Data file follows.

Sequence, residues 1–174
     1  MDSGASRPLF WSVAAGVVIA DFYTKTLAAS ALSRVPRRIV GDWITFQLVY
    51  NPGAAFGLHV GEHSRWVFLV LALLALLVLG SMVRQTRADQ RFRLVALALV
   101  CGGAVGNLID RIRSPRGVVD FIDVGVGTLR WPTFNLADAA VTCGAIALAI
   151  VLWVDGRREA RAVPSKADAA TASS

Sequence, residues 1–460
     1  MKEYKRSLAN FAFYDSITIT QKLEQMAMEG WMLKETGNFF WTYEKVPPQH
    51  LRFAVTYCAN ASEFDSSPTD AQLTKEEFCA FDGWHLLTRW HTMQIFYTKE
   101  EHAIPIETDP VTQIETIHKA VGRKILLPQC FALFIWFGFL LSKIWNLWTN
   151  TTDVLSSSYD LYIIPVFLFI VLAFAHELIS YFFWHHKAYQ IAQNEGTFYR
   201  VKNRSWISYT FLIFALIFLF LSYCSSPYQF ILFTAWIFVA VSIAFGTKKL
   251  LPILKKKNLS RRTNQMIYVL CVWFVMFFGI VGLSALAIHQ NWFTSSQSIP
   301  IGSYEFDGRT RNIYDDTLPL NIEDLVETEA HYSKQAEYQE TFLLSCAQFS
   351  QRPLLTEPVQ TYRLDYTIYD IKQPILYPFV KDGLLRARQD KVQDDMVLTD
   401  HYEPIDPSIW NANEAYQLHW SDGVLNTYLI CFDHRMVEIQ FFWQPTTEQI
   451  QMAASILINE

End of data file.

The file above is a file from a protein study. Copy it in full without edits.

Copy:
Sequence, residues 1–174
     1  MDSGASRPLF WSVAAGVVIA DFYTKTLAAS ALSRVPRRIV GDWITFQLVY
    51  NPGAAFGLHV GEHSRWVFLV LALLALLVLG SMVRQTRADQ RFRLVALALV
   101  CGGAVGNLID RIRSPRGVVD FIDVGVGTLR WPTFNLADAA VTCGAIALAI
   151  VLWVDGRREA RAVPSKADAA TASS

Sequence, residues 1–460
     1  MKEYKRSLAN FAFYDSITIT QKLEQMAMEG WMLKETGNFF WTYEKVPPQH
    51  LRFAVTYCAN ASEFDSSPTD AQLTKEEFCA FDGWHLLTRW HTMQIFYTKE
   101  EHAIPIETDP VTQIETIHKA VGRKILLPQC FALFIWFGFL LSKIWNLWTN
   151  TTDVLSSSYD LYIIPVFLFI VLAFAHELIS YFFWHHKAYQ IAQNEGTFYR
   201  VKNRSWISYT FLIFALIFLF LSYCSSPYQF ILFTAWIFVA VSIAFGTKKL
   251  LPILKKKNLS RRTNQMIYVL CVWFVMFFGI VGLSALAIHQ NWFTSSQSIP
   301  IGSYEFDGRT RNIYDDTLPL NIEDLVETEA HYSKQAEYQE TFLLSCAQFS
   351  QRPLLTEPVQ TYRLDYTIYD IKQPILYPFV KDGLLRARQD KVQDDMVLTD
   401  HYEPIDPSIW NANEAYQLHW SDGVLNTYLI CFDHRMVEIQ FFWQPTTEQI
   451  QMAASILINE